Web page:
Interdisciplinary PhD Training in the Neurosciences
Pediatrics, Keck School of Medicine
Neurobiology, Biological Sciences
Director, Saban Neuroscience Program
Axon targeting in limbic and hypothalamic neural pathways
Leptin receptor signaling in developing hypothalamic circuitry
Development of sexually dimorphic forebrain regions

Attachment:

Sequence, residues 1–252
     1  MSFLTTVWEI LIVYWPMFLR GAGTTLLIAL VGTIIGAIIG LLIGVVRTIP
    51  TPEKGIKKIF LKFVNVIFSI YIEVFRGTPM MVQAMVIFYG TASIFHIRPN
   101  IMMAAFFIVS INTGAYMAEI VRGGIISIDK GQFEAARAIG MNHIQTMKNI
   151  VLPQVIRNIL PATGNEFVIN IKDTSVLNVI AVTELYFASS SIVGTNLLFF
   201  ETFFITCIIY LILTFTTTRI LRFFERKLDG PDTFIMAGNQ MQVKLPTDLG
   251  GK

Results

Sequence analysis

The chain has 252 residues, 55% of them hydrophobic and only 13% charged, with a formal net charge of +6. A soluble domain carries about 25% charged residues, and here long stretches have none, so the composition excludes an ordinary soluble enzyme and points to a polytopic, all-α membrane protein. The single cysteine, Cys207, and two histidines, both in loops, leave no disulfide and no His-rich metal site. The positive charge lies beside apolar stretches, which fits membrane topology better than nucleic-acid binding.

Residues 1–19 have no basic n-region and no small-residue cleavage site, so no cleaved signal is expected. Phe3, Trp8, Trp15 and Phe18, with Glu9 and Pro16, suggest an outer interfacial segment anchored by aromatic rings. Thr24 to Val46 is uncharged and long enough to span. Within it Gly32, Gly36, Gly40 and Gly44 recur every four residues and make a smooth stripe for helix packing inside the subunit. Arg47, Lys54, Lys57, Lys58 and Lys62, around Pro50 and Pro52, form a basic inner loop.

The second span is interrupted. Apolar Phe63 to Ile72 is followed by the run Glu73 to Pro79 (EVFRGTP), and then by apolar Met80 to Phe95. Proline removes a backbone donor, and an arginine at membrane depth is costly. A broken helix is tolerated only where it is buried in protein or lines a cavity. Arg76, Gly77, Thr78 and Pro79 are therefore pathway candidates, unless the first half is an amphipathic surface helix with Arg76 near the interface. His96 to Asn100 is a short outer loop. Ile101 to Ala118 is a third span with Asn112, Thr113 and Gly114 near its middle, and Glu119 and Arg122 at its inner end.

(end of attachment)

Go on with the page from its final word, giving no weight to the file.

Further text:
The development of the brain depends on complex interactions between genetic factors and environmental influences, such as neuronal activity, growth factors and circulating hormones. Hormones secreted by peripheral organs can determine the number and chemical phenotype of specific sets of neurons during development, as well as direct formation of connections with other parts of the brain. Currently, we are studying the organization and development of forebrain pathways that regulate feeding and energy homeostasis. Recent findings indicate that these neural pathways develop under the influence of the adipocyte derived hormone leptin during discrete temporal domains, suggesting that there are region-specific, hormonally directed mechanisms governing the assembly of homeostatic circuits. Using axonal labeling methods and both in vitro and in vivo experimental approaches, we are determining if manipulations of genes known to participate in leptin signaling in mature animals also influence the development of the pathways that mediate hypothalamic responses to changes in energy balance. The results of this work indicate that leptin is indeed a major developmental factor that may mediate the developmental effects of a variety of environmental factors including nutrition.